Cass said he values the services legal software companies provide, but he also believes their pricing models need to be regulated. “They’re excellent products. But I think there should be a cap on [pricing] relative to the lawyer’s fee. And I think there should also be rules in place to prevent a sudden hike. They need to provide advance notice and I think they don’t do that deliberately because it would give a really powerful negotiating position to the lawyers because they could start talking about ‘what [competitor] are you going for? What are you going to do when this time comes up?’ But they can’t do that.”

The Dye & Durham perspective

According to executives at Dye & Durham, one thing lawyers can – and do do – is participate in the company’s Canadian customer legal innovation advisory council.

“We bring together law firms, big and small from across Canada. In fact, they’ll be here in our office in January, and we talk about the trends that are happening in the industry but also about how we can improve our product set. How can we improve ultimately, to help them improve their firm with less effort?” explains Morgan McLellan, vice-president, global communications. “We understand that everybody’s got a different idea of what’s a fair price, but at the end of the day, a lot of our decisions are based on direct customer feedback and in directly what they're telling us.”

Beyond the customer-feedback angle, CEO Matthew Proud says the pricing model is one that is designed to reflect how Dye & Durham views its software.

“We’re very comfortable charging a premium price for a premium product. We’re reinvesting in our product. I think that's key. We’re providing additional benefit to our customers through significant reinvestment,” he says. “We invest more than anyone else does. We’re not taking big dividends and paying our shareholders. Except for LexisNexis and Thomson Reuters, no-one else is spending more than us on R&D.”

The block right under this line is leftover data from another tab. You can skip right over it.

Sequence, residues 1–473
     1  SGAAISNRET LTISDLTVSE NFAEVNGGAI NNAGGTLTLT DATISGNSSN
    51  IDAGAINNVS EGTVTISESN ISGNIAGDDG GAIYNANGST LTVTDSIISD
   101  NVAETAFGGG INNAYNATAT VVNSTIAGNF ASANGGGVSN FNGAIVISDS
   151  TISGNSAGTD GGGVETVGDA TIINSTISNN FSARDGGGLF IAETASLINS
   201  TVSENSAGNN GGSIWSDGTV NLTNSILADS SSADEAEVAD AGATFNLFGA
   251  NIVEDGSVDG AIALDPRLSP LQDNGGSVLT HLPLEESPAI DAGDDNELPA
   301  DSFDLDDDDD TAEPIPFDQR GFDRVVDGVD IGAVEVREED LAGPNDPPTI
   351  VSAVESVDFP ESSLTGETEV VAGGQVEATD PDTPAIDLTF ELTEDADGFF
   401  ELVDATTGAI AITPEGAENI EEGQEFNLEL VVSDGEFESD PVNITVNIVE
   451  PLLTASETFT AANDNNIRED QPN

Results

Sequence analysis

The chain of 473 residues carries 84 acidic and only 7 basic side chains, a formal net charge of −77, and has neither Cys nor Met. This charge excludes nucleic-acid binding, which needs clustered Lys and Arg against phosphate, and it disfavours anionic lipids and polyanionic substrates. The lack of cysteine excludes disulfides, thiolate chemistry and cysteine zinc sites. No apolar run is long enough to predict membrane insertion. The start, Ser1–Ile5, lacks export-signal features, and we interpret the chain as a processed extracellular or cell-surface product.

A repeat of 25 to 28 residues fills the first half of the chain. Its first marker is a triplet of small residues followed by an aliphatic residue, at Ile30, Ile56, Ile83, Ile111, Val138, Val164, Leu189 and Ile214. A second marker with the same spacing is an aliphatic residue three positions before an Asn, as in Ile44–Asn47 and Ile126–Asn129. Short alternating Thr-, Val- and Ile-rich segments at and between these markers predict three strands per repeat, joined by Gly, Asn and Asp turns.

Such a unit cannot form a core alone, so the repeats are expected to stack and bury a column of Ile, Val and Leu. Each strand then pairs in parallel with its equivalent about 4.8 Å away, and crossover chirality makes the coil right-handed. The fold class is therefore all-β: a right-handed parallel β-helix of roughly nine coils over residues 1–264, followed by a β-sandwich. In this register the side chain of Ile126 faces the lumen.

This year, McLellan says Dye & Durham is investing $60 million in research and development.

Dye & Durham is also taking steps to improve its balance sheet. In November 2023, the company announced that it was undertaking efforts to reduce its convertible debt, reduce the balance of its debentures by $95 million and decrease its overall convertible debt by $10 million.

Historically, Dye & Durham has grown through acquisitions. “We look at it as a platform strategy. We want to plug in as many key components as a law firm uses everyday… Acquisition fits in because you can acquire capabilities and integrate them seamlessly into the environment and make it really easy for [law firms],” says Proud adding that he’s happy to see small or large companies enter the legal software market.

 “We welcome competition,” he says, “We’re pretty confident that through the investment we make in our products, we will win at the end of the day. That will be the differentiator.”

In terms of competition, Cass would like to see the Law Society of Ontario offer a bit more support to lawyers.

“I would love it if the law society said, ‘here is a set of things you can use to produce documents. They could provide us with precedents, we don’t need software. I think they could be helping out more than they are right now. I know that would be a challenge for them, but it would be better for them to get the money rather than these giant companies who have just been using it to ask for more money.”

Goals for the future

After ORELA gets to the point where it can hire an administrator and vote on a part-time CEO, Cass wants to see the association undertake some lobbying of both the law society and the government on the issue of software fees.

Ideally, he can envision the association making efforts to negotiate fees on behalf of its members and maybe even going a step further, and persuading software companies in other parts of the world to enter the Canadian market – perhaps even funding the entry as an organization.

“Say there’s a conveyancing software rival to Unity in Ireland, or England or New Zealand. We could ask ‘what would it cost to bring it over here?’ As a group, we might have the power and the financial might to do that,” says Cass. “Encouraging more competition in the space – I think that’s important.”